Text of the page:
At some point in my python script, I require to make the calculation: `1*(-inf + 6.28318530718j).`

I understand why this will return `-inf + nan*j`

since the imaginary component of `1`

is obviously `0`

, but I would like the multiplication to have the return value of `-inf + 6.28318530718j`

as would be expected. I also want whatever solution to be robust to any of these kinds of multiplications. Any ideas?

Edit:

A Complex multiplication like `x*y`

where `x = (a+ib)`

and `y = (c+id)`

I assume is handled like `(x.real*y.real-x.imag*y.imag)+1j*(x.real*y.imag+x.imag*y.real)`

in python as this is what the multiplication comes down to mathematically. Now if say `x=1.0`

and `y=-inf+1.0j`

then the result will contain `nan`

's as `inf*0`

will be undefined. I want a way for python to interpret `*`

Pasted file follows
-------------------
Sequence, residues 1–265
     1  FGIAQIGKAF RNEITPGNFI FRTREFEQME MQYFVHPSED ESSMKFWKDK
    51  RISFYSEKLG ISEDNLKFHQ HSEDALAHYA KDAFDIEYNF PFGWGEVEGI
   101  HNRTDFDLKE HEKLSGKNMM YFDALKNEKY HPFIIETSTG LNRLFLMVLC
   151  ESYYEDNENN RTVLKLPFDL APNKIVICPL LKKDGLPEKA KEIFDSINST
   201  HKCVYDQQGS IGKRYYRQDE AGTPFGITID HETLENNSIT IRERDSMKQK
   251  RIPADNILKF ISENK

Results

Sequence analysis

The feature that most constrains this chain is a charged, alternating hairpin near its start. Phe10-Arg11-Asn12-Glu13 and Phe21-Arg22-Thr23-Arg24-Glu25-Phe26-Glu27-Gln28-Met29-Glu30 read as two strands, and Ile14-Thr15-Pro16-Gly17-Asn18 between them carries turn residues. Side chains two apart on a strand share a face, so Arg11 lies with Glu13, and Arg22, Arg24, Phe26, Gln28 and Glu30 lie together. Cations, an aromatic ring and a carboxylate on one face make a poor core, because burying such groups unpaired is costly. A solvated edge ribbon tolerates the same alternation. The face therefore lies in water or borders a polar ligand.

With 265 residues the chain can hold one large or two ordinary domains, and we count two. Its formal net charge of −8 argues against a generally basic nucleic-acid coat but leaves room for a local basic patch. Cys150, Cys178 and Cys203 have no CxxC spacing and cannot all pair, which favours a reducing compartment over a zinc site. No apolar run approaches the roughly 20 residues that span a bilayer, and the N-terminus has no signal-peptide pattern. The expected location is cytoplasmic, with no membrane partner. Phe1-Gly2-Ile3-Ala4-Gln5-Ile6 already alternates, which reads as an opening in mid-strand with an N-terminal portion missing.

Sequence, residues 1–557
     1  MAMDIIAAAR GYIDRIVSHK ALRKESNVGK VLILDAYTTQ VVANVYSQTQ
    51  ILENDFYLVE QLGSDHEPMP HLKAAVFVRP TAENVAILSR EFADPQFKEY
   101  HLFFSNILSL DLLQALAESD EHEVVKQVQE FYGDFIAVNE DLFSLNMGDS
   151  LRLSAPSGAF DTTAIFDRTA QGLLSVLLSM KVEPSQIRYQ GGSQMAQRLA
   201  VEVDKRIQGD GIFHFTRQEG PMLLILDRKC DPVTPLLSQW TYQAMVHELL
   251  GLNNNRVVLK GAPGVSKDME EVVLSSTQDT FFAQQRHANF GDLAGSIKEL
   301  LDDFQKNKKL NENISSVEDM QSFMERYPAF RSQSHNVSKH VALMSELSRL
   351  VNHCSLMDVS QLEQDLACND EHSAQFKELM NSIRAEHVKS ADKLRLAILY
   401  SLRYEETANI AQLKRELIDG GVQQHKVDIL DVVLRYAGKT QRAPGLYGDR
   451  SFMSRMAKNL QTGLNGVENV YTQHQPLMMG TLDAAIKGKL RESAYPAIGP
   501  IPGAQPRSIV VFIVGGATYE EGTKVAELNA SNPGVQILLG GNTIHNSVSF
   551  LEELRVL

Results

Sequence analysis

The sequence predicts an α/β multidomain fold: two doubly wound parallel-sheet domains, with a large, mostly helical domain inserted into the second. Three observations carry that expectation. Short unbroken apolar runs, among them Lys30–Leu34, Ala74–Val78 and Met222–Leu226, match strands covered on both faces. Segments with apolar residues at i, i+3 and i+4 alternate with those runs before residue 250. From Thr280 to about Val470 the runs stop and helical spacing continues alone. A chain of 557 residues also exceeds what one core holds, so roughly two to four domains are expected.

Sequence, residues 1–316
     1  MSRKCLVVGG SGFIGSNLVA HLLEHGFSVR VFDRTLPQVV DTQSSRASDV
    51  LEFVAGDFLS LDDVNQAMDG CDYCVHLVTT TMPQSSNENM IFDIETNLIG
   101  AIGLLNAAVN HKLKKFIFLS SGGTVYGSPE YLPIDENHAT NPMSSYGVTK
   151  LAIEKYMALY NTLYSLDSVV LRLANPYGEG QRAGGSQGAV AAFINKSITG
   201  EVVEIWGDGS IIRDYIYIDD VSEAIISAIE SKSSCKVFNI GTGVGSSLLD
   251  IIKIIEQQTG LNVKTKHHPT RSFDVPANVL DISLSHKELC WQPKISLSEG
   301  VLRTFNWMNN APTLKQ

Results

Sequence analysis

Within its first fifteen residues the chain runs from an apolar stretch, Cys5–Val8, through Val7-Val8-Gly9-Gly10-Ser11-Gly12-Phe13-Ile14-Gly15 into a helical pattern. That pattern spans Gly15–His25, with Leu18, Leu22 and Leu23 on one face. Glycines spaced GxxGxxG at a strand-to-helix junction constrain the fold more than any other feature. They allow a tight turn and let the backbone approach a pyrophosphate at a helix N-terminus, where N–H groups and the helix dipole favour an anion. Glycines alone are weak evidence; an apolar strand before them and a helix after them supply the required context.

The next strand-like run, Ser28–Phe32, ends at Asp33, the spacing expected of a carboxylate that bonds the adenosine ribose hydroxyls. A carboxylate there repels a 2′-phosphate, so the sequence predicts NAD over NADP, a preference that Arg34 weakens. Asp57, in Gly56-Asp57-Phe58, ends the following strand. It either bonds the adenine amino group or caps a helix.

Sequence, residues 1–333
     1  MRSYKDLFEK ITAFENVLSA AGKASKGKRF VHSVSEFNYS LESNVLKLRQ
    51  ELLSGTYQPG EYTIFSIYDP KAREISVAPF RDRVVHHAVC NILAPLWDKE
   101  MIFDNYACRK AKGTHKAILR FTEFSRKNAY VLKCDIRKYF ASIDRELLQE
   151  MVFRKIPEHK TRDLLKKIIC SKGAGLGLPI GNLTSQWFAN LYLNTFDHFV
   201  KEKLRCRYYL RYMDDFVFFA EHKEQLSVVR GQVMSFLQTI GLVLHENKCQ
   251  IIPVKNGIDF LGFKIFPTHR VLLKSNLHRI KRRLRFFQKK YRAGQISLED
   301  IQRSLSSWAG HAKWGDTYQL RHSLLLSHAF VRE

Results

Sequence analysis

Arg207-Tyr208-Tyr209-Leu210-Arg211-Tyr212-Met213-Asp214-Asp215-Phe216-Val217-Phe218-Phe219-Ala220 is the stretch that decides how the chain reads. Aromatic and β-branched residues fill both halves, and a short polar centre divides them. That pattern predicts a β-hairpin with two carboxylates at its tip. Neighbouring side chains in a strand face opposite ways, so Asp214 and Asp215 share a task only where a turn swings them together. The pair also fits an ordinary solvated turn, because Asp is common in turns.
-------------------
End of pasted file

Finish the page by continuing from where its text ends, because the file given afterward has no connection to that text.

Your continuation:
so that the return value to this example will be `-inf+1.0j`

. It seems unnecessary to have to define my own multiplication operator (via say a function `cmultiply(x,y)`

) such that I get the desired result.

`1*(-inf + 6.28318530718j)`

doesn't return anything for me. I get a`NameError`

– Tom Fenech Mar 20 '14 at 14:57`np.log(0)`

what does that return? – Jack Mar 20 '14 at 15:02`inf`

and having the possibility of overflow errors through an exception instead. But I'm not sure how to do this... Python will return`inf`

if I use`np.log(0)`

. – Jack Mar 20 '14 at 15:09`1*(float("-inf") + 6.2j)`

– Kevin Mar 20 '14 at 15:24